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Lamb may not be as common as beef or pork, but it’s a great lean alternative to other meats. It was also eaten in the Bible. This makes sense, as lamb is part of the famous Mediaterian diet, which contains many foods that would have been popular in biblical regions.


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The Bible describes the Promised Land as a place full of milk and honey. This description impresses the figures in the Old Testament, suggesting that they too enjoyed eating this sweet treat. Today, honey is used as a sweetener due to its health benefits and antibacterial properties.

Olive Oil

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Olive oil is renowned for its health benefits; Harvard Medical School discusses its antioxidant and anti-inflammatory effects. It’s unsurprising that olive oil is mentioned in the Bible, as olives are grown throughout the Mediterranean and Middle East. Nor is it just a healthy food, as the Bible uses it to represent purity and divinity.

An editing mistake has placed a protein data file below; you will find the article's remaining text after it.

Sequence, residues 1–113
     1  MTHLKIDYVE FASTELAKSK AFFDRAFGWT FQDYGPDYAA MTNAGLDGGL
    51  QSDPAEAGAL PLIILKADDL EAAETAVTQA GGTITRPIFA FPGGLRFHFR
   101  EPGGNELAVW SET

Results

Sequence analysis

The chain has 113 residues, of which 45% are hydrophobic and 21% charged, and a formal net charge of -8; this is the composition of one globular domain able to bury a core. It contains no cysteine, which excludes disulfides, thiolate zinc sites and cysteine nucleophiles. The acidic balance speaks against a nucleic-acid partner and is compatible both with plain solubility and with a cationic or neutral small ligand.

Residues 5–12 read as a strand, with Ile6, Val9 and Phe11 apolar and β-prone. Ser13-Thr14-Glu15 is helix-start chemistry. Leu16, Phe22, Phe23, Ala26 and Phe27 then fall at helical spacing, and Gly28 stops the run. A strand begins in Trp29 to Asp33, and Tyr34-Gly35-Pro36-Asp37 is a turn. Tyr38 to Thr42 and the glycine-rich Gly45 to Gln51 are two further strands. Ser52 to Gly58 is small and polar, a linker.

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Biblical figures are never more relatable than when they’re eating cheese, a food that earns several mentions. This melty treat is a staple of U.S. cuisine, and we wouldn’t have it any other way. Parts of the Bible may provoke debate, but everyone can agree that cheese is one of life’s pleasures.


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An apple is often (probably inaccurately) blamed for Adam and Eve’s fall from grace in the Garden of Eden. However, there are more concrete references to the fruit in biblical literature. The Song of Solomon refers to the refreshing taste of apples, suggesting that they were as good then as they are today.


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Mint is a popular flavoring used in both sweet and savory dishes. It’s clear that the people of the Bible felt the same way, as mint is referenced on several occasions. For example, the Book of Matthew mentions the tasty herb which grows in Middle Eastern countries like Palestine.